Once you’re satisfied with the fluid, go to a frame where it’s settled inside the glass – around frame five or six. Move the ice cube above the glass and set a keyframe. To do this, pick Location from the drop-down box on the right side of the timeline, and click the Key icon next to it. At around frame 10 or 11, drop the ice cube into the glass and set another keyframe to create a decent splash. You can also rotate the ice cube to an odd angle.
Do another test bake to see the results of your splash. If you’re not happy you can change the speed or direction of the ice cube and rebake. Once satisfied, you can increase the resolution further for an improved result – the more you increase it the longer it will take to bake though, and if you increase it too much it can crash Blender. Before doing a final bake, look at the file selector at the bottom of the Fluid settings. Note the default directory where it stores the simulation files or choose your own destination – you’ll need to know that later.
06. Set up LightWave Layout
For Layout I’ve included an environment scene to get you started, so load iced_tea_tut_v001.lws from the tutorial files. This scene was set up with SmartIBL from www.hdrlabs.com. The file was saved from LightWave 11.0.3 and it’s important to avoid loading it into LightWave 10.0 or below as it can damage your LightWave installation. If you’re using LightWave 10.0 install the free update to at least version 10.0.1. Next you can load the objects that were used earlier, such as the glass and table. In order for the textures to render correctly, open the Image Editor in the upper left of the screen and make sure Color Space RGB is set as sRGB for the WoodPlanks.jpg and BasketballCourt_8K.jpg images. The Tea object can once again be hidden by clicking its check box in the Scene Editor and setting the box next to that as Hidden, or just clear it from the scene by right-clicking it in the Scene Editor and selecting Clear.
In the tutorial files you’ll find the tibe3_BFMesh plug-in created by Chris Huf at www.splotchdog.com. Load either the 32-bit or 64-bit version, depending on your system, by going to the Utilities tab and clicking Add Plugins. You didn’t create particles in Blender so you won’t need the BlenderParticles plug-in.
07. Import the fluid
Add a Null object from the Items tab. The plug-in you’ll use replaces this null with a different fluid object for every frame of your animation. With the null object selected hit [P] to open its properties, or right-click it in the Scene Editor and pick Properties. On the Geometry tab look in the Object Replacement drop-down box – pick the tibe3_Blenderfluid item and you’ll see an error saying ‘Object loading failed’. This is fine, it’s only because you haven’t told it what to load yet.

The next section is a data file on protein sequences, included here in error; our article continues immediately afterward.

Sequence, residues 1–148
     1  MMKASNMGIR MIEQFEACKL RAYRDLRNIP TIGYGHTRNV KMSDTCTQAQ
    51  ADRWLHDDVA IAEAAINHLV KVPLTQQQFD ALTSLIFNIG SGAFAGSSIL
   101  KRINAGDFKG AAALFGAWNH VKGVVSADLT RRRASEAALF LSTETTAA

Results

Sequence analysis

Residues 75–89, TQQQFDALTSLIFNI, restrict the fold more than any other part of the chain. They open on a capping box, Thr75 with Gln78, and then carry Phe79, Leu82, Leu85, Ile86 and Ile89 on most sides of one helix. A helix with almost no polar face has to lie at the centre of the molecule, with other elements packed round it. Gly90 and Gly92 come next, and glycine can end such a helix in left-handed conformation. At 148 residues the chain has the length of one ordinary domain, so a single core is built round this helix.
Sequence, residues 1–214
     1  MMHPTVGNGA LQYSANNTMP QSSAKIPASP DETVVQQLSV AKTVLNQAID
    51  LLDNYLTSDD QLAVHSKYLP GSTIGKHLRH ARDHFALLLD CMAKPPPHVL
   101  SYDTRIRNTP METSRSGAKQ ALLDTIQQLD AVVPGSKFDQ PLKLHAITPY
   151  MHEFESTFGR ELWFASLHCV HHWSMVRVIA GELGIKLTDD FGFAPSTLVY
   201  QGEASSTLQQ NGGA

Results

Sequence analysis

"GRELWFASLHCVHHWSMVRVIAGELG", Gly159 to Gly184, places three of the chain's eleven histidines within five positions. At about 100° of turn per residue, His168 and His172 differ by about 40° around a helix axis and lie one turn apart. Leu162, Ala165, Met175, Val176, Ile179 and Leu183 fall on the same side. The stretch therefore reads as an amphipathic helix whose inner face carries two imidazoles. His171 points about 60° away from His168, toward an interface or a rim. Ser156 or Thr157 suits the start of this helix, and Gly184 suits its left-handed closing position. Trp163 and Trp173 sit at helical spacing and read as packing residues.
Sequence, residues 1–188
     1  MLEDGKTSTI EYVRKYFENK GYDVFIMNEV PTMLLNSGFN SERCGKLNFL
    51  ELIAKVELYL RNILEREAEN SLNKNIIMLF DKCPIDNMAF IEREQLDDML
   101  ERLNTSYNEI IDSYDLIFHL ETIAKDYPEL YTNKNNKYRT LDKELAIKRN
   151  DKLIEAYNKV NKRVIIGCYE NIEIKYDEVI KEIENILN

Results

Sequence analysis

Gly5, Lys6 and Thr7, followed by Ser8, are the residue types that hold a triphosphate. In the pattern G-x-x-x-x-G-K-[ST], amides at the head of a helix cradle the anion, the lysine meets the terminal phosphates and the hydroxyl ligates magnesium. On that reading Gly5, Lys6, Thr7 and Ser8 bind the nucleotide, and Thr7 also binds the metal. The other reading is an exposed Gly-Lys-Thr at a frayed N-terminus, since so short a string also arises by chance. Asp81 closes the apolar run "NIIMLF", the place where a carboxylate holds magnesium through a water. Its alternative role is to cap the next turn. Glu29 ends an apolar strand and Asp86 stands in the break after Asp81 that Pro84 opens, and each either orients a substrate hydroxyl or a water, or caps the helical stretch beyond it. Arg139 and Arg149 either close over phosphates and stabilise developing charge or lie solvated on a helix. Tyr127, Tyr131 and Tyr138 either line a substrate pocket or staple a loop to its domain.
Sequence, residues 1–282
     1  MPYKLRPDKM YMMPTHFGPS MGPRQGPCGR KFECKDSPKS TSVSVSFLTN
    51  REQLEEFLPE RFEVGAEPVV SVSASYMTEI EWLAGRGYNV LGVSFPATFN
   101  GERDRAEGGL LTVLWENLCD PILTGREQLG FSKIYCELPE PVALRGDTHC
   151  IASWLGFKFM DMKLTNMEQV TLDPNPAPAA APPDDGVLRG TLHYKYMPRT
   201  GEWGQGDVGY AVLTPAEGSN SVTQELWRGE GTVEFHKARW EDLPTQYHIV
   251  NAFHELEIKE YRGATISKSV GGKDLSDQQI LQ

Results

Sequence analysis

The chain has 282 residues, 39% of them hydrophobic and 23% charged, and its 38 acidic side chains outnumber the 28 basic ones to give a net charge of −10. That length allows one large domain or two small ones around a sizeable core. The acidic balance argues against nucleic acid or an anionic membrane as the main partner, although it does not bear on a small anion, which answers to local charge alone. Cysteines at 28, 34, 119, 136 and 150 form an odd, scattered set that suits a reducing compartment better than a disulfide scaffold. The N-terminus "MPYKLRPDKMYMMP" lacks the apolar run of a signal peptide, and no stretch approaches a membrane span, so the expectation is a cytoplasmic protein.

Click OK for the errors and then open the Options with the button next to the drop-down box. Here you can click the Fluid Data button and choose one of thefluidsurface_final_xxxx.bobj.gz object files that were exported from Blender earlier.
Check the boxes below for Flip Coordinates, Flip Normal, As Subpatch and Cache Mesh. Flip Coordinates and Cache Mesh should already be checked. This will correct for some of the problems the fluid files have in LightWave.
08. Surface the fluid
All of the objects included already have surfaces applied but the fluid object is a little different. As the plug-in loads a new fluid object for every frame, you’d have to apply any surface changes to every object. The plug-in can do this automatically if you save your surface changes as a Surface Library file. I’ve included one with an ice tea appearance.
Click the Surf Lib button in the plug-in options, and load the tea_surf. lib file from the tutorial files. When you’re making your own scene, or if you want to make any changes to this surface, you’ll have to create this file yourself. You can do this in the Surface Editor by right-clicking the fluid object name – not the surface name – and choosing Save Library to create the file. You’ll have to save it again every time you make a change to the surface.
09. Fit the tea liquid in the glass
At this point you should be able to see the fluid object in the scene. However, the Blender fluid files don’t store any coordinate information, so your fluid is probably upside down. Change the viewport to look at the glass from the side. With the fluid selected, press [Y] for Rotate and, in the lower left corner, enter 180 for the Pitch and press [Enter] to flip it over. Press [T] for Move and position it into the glass. It might help if you do this at a frame where the fluid has already settled, or even one where some of it has splashed onto the table. If you need to you can also press [Shift]+[H] and drag in the viewport to scale the object.
10 Set up the render
Set your viewport render type to Frontface Wireframe – you can see the empty space in the fluid where the ice cube was. It’s also helpful to set the Display Subpatch Level to 0 on the Geometry tab of the fluid object’s properties, so grab the ice cube object and place it using the Move and Rotate tools. In the Scene Editor, right-click the ice cube and pick Clone to make a copy, which can be positioned in the glass or above as if it’s falling into the drink. Find a frame you like and press [F9] to render. The camera in the included scene is set up to render with anti-aliasing and depth of field to give a nice finished look.
There are a lot of additional tools in Blender to create your fluids, and a lot of settings you can play with to get different results. Try setting objects for inflow and outflow with different obstacles, and experiment.